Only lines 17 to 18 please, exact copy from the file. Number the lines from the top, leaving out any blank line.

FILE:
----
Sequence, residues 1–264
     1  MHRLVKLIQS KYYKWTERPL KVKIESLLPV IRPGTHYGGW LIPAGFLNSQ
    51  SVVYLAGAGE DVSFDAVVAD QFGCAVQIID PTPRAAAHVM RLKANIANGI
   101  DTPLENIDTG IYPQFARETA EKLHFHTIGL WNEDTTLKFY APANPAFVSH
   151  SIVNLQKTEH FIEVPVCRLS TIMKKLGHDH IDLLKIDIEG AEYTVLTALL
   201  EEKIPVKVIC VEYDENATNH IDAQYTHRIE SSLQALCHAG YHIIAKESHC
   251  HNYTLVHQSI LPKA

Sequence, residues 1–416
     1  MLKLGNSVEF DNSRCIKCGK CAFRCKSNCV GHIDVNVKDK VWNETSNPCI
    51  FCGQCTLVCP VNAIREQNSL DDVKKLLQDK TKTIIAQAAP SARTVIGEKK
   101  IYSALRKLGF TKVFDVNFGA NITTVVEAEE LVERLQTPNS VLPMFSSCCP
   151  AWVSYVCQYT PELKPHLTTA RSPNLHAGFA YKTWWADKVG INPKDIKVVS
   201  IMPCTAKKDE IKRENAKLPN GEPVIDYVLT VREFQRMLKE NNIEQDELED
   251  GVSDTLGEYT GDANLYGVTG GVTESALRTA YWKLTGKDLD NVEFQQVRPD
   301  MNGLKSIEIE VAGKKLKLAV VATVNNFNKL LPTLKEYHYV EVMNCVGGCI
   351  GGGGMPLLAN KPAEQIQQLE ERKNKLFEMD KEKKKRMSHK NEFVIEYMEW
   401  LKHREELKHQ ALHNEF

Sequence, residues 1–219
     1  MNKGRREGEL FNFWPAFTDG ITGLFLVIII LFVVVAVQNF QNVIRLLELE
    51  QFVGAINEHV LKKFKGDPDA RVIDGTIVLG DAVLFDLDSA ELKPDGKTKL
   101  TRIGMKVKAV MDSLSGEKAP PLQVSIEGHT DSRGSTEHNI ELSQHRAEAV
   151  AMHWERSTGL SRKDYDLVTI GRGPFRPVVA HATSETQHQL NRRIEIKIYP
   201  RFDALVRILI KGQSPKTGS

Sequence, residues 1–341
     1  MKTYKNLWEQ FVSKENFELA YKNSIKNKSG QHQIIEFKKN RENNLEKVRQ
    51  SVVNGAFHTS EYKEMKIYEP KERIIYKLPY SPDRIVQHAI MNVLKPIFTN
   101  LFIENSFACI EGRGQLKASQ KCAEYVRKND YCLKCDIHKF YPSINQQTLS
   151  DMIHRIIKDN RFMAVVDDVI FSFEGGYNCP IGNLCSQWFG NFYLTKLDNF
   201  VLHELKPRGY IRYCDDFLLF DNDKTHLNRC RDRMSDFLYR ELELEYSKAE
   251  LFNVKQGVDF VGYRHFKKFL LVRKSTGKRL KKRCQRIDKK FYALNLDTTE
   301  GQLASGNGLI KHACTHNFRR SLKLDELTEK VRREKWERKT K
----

   401  LKHREELKHQ ALHNEF

Sequence, residues 1–219